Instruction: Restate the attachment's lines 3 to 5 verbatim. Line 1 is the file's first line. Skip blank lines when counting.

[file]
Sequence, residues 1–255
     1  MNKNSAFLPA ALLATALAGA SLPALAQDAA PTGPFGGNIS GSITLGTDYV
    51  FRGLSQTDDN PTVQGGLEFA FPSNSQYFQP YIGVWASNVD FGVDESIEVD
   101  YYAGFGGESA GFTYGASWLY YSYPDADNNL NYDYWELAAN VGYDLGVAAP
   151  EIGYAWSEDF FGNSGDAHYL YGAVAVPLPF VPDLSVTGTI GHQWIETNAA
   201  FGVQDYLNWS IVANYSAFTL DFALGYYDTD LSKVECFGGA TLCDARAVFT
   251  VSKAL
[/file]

    51  FRGLSQTDDN PTVQGGLEFA FPSNSQYFQP YIGVWASNVD FGVDESIEVD
   101  YYAGFGGESA GFTYGASWLY YSYPDADNNL NYDYWELAAN VGYDLGVAAP
   151  EIGYAWSEDF FGNSGDAHYL YGAVAVPLPF VPDLSVTGTI GHQWIETNAA